Summer Courses

New summer courses available for incoming Wooster students!

We know that many students can’t wait to get started as students at Wooster. We are excited to announce two free summer distance-learning courses this July for all newly-enrolled first-year and transfer students.

Both courses count towards your Wooster degree and feature faculty from across the College, who will showcase what is truly distinctive about how students engage in learning at the College of Wooster—through dynamic conversations across disciplines, interactive engagement with alumni, and attention to how what we learn in the classroom impacts our everyday life.

Descriptions for the courses are below. Each course counts for one-half credit. Courses run from July 6-25. 

From Birth to Death: Health and Healing (0.5 credits)

IDPT-19919: M, W, Th from 9:00-10:20 AM

This course will examine concepts of health and illness through the lens of the humanities, social sciences and biosciences. We will study how societies manage healthy bodies as well as those that are “diseased,” taking into account different experiences based on gender, race, socio-economic strata, and stage of life. The course will cover topics such as reproductive health, eugenics, epidemics, aging and death, bioethics, and pain management. Students will take away from this class an understanding of the complex relationship between healthcare structures and the embodied experiences of different populations.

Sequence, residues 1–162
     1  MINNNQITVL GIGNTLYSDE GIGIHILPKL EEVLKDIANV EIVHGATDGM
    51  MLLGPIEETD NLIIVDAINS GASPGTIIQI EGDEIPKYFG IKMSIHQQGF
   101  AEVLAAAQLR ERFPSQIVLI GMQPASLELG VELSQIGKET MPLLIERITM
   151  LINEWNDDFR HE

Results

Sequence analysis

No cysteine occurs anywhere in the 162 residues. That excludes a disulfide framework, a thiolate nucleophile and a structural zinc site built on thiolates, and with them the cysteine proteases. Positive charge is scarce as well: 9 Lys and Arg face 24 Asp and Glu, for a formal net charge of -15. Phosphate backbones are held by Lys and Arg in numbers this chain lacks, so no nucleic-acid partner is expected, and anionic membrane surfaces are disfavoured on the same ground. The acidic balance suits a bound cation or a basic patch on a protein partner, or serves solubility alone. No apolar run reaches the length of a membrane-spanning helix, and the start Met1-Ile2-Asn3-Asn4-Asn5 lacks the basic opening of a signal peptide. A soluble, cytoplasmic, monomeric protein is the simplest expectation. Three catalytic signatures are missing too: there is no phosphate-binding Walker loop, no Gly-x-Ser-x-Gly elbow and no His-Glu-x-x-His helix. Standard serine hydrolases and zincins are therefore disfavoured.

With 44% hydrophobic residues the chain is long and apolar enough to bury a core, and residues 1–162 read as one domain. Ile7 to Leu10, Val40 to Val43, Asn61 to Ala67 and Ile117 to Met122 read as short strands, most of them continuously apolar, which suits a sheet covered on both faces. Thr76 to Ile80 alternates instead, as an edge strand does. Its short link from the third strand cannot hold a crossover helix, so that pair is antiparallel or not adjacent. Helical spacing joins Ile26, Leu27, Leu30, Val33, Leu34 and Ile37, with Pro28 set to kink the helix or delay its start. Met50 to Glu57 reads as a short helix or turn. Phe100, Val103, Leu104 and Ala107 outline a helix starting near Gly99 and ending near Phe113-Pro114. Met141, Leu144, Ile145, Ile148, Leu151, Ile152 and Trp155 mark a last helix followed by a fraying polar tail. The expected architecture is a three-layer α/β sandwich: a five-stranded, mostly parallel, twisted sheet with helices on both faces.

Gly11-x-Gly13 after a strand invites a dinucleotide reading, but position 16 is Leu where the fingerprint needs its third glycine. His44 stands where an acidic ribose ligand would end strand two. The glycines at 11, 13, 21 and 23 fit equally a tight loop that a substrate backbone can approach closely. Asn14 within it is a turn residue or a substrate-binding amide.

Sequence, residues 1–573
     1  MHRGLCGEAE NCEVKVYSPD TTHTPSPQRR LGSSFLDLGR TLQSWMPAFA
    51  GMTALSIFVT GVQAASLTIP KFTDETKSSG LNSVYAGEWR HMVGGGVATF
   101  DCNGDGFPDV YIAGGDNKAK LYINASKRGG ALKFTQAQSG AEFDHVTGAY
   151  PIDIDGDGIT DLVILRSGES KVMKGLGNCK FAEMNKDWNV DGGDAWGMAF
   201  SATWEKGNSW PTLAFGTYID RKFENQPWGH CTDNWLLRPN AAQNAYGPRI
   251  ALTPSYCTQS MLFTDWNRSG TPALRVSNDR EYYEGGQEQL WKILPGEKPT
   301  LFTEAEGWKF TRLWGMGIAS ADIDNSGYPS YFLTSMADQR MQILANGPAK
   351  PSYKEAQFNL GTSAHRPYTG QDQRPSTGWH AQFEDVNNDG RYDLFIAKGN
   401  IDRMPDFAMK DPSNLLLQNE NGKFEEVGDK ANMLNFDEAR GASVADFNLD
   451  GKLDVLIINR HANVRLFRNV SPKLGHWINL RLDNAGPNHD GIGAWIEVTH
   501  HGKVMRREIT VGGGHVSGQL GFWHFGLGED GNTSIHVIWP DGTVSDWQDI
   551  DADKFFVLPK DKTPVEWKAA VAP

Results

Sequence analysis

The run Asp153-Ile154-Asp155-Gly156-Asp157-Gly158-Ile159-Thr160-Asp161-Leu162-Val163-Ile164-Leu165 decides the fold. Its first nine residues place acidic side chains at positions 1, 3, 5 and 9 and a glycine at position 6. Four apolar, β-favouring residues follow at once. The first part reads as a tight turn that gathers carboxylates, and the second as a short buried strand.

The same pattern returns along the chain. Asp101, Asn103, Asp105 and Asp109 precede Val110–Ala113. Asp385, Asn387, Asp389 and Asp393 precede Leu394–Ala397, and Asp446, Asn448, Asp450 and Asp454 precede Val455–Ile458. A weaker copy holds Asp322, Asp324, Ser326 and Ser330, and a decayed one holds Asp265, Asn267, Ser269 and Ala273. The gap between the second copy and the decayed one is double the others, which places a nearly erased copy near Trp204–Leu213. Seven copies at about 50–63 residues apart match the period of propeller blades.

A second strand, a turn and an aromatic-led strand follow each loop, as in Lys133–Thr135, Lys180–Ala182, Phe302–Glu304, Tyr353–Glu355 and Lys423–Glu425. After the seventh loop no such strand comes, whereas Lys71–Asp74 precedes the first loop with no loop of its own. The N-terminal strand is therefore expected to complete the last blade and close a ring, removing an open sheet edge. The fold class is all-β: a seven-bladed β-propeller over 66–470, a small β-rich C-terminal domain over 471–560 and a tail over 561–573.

Comics, Clickbait and Consumer Culture: Media and Everyday Life (0.5 credits)

IDPT-19920: T, W, Th from 1:00-2:20 PM

This course examines the media as a social institution by providing an overview of print, electronic and digital media forms. It reviews the role of media, film and advertising industries in society and the ways in which they collectively influence local, national and global cultures. Therefore, this course provides media literacy and criticism skills. As it considers the role that media plays in various disciplines in the humanities, the social sciences, and the sciences, the course also serves as an introduction to multi-disciplinary thinking. The course will focus on four distinct but interrelated areas: (1) Visual communication, culture and storytelling (we will examine topics ranging from comics and graphic texts to the links between visual culture and science); (2) Film aesthetic and film industry; (3) Advertising and consumer culture (we will examine topics ranging from the role of advertising in our culture to online shopping); and (4) Social media.


Students may sign-up for one of the two available courses during their scheduled ARCH meetings in June. If you are scheduled to attend the August ARCH session, please contact Reon Sines-Sheaff in the Office of Admissions to indicate your interest by June 26, 2020.